Picoprobe: Using the Raspberry Pi Pico as Debug Probe

In Getting Started: Raspberry Pi Pico RP2040 with Eclipse and J-Link I used a SEGGER J-Link EDU for debugging: unfortunately, probably because of silicon shortage, these EDU probes are out of stock everywhere. Luckily, there is a solution: just use another Raspberry Pi Pico!

SWD Debugging with PicoProbe

This turns a $5 Raspberry Pi Pico board in to a very usable and versatile debug probe.

With the ‘Picoprobe‘ firmware, you can turn the Raspberry Pi Pico board into a SWD debug probe. I’m showing this here using OpenOCD and Eclipse on Windows.

Picoprobe: build and load firmware

The Picoprobe documentation can be found in the Pico Getting Started Guide. See “Appendix A: Using Picoprobe”.

a) build it on Windows:
Download the zip from https://github.com/raspberrypi/picoprobe and extract it to a folder. Or clone it from GitHub:

git clone https://github.com/raspberrypi/picoprobe.git 

Run a console in that folder:

mkdir build
cd build
cmake -G"Eclipse CDT4 - Unix Makefiles" -DCMAKE_BUILD_TYPE=Debug -DCMAKE_ECLIPSE_VERSION="4.22" ..

This has the benefit to create Eclipse projects as well, and I can debug it, see Getting Started: Raspberry Pi Pico RP2040 with Eclipse and J-Link.

Then program the Pico with the build output (build/picoprobe.uf2): Press the BOOTSEL button and copy the picoprobe.uf2 file to the device.

or b) download the binary UF2 file from https://www.raspberrypi.com/documentation/microcontrollers/raspberry-pi-pico.html#debugging-using-another-raspberry-pi-pico

Picoprobe Wiring

The Picoprobe offers SWD Debug with an optional UART connection to the target. The following shows the connection between the probe (left) and the target (right):

Picoprobe wiring (Source: Getting Started with Raspberry Pi Pico)
  • Red: Pico VSYS -> Target 5V (optional to power the target with 5V)
  • Black: Pico GND -> Target GND
  • Blue: Pico GP2 -> Target SWCLK
  • Purple: Pico GP3 -> Target SWDIO
  • Orange: Pico GP4/UART1 Tx -> Target Rx (optional for UART connection)
  • Yellow: Pico GP5/UART1 Rx -> Target Tx (optional for UART connection)

I prefer the following to have a standard SWD Debug connection, e.g. using the SWD/JTAG adapter from Adafruit:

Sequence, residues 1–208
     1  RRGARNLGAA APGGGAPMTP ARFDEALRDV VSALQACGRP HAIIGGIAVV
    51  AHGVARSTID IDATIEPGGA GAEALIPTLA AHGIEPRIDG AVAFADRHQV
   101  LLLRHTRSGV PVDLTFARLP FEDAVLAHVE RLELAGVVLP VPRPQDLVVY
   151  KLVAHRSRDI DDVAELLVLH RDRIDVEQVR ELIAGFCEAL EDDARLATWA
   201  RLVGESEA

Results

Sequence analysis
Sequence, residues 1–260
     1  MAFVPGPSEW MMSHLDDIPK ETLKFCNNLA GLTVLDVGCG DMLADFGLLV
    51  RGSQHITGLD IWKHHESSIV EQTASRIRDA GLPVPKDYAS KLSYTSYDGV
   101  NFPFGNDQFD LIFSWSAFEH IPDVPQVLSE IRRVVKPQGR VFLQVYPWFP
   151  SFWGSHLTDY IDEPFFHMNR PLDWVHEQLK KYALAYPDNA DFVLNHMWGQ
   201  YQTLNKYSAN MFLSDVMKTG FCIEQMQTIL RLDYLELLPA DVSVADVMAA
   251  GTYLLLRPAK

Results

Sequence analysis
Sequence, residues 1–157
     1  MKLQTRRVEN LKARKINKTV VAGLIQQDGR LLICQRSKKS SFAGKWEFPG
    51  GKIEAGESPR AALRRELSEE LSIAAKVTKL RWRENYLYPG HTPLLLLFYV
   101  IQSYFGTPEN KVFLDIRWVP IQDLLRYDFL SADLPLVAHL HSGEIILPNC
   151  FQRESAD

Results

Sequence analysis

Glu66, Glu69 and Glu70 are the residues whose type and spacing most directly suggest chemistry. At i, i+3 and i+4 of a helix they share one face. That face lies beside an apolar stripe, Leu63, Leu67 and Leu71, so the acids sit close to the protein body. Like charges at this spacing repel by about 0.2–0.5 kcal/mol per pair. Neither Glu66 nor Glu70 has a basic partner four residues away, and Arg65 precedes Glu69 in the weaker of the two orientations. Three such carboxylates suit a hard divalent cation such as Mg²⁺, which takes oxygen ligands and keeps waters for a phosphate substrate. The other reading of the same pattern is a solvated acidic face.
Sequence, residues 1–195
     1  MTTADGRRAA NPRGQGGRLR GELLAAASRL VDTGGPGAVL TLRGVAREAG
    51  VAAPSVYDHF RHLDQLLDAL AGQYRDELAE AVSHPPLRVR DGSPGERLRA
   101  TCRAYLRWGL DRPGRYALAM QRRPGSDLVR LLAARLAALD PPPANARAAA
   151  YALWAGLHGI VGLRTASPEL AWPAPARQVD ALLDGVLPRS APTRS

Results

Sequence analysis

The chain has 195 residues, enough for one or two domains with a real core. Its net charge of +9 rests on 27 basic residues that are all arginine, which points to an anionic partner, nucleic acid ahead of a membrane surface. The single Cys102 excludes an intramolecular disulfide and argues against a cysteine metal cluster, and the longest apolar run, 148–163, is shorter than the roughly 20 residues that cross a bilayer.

Picoprobe wiring to SWD debug header breakout
  • Black: Pico GND -> Pin 4 (GND)
  • Red: Pico 3.3V Out -> Pin 1 (VccSense): this one is optional and allows to power the target with 3.3V
  • Blue: Pico GP2 -> Pin 9 (TCK, SWCLK, Clock)
  • Purple: Pico GP3 -> Pin 7 (TMS, SWDIO, Data)

That way I do have a ‘generic’ SWD Debug connection and connector. This is what I use below, because the target PCB has added a standard 10pin SWD header:

Windows Drivers with Zadig

The Picoprobe exposes two USB interfaces: one for the the USB CDC (Virtual COM port) which is supported out of the box on Windows. For the Debug probe with OpenOCD we need to install and assign the WinUSB driver to it. For this I need the Zadic (https://zadig.akeo.ie/) tool. Run it to install the libusb driver for the attached Picoprobe (Interface 2):

Installing libusb for Picoprobe

With this, the driver should be correctly installed:

Picoprobe USB Devices


The current version V0.11.0 of OpenOCD does not include support for the Picoprobe. As building OpenOCD on Windows is painful, there is a built version of available on https://gnutoolchains.com/arm-eabi/openocd/. I’m using here 20211118. Download the archive and extract it. Later in Eclipse we need to point to that OpenOCD.

OpenOCD for Picoprobe RP2040

Eclipse Embedded C/C++ OpenOCD Debugging

To use OpenOCD with Eclipse, I have to install the Eclipse CDT OpenOCD plugin:

Embedded C/C++ OpenOCD Debugging

The update site depends on the Eclipse version used, and I’m using this:


Eclipse OpenOCD Launch Configuration

With the plugin, I can create a new debug configuration with OpenOCD for the Picoprobe:

GDB OpenOCD Debugging Eclipse Launch Configuration

I’m using in the Debugger settings the following config options which includes OpenOCD support for FreeRTOS:

-f interface/picoprobe.cfg -f target/rp2040.cfg -c "$_TARGETNAME_0 configure -rtos FreeRTOS"

💡 It is important to point to the special openocd_rp2040 executable, and it has to point to the gdb of the same toolchain which has been used to build the binary.

With this, I can debug with Eclipse and the Picoprobe:

Debugging FreeRTOS application with Eclipse, using Picoprobe and OpenOCD


Using OpenOCD with the Raspberry Pi as debug probe is a good and inexpensive alternative, especially if other debug probes are not at hand. OpenOCD works well with Eclipse for the RP2040, so this is a good alternative if you do not have a SEGGER J-Link at hand. As an extra benefit I get a UART-2-USB virtual COM connection to the target which the J-Link EDU does not offer.

To make the wiring simpler: I plan to create a simple adapter board for the Raspberry Pi Pico, similar to the one from Fabien Chouteau. So stay tuned …

Happy debugging 🙂


4 thoughts on “Picoprobe: Using the Raspberry Pi Pico as Debug Probe

  1. Well done. And I’ve also noticed that most of Segger’s debug tools out OOS, as well. Fortunately, I have few of the EDU models, so I should be ok, personally, but there’s always the possibility of accidentally releasing the magic smoke. It happens. This would be a useful alternative. Especially since I have a few Picos handy.


    • Thanks! I’m using the EDU for most of my classroom labs, and from time to time one gets damaged, probably because of ESD. So my stock is running out, and I’m happy to know that I have an alternative too.


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